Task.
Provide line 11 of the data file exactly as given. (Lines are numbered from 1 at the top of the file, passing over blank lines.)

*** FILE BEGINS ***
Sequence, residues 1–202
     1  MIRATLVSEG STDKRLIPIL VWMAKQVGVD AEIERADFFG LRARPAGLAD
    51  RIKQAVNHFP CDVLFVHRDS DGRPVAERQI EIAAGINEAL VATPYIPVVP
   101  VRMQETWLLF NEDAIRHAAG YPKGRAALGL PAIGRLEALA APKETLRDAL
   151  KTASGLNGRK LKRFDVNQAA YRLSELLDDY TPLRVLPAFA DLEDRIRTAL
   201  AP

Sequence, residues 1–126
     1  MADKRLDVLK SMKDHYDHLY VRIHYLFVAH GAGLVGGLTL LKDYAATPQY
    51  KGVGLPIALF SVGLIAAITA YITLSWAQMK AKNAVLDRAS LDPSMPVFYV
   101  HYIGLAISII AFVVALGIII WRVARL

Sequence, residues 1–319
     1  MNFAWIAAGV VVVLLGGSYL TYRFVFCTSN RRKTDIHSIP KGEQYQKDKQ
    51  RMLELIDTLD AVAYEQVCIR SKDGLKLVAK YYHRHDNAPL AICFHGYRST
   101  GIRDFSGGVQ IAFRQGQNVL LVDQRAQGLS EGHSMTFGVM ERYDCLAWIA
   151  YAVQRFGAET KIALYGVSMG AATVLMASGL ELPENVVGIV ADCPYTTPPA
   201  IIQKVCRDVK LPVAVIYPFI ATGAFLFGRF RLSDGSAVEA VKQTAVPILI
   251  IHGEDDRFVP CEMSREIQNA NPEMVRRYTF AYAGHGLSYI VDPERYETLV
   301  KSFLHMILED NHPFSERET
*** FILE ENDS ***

Sequence, residues 1–319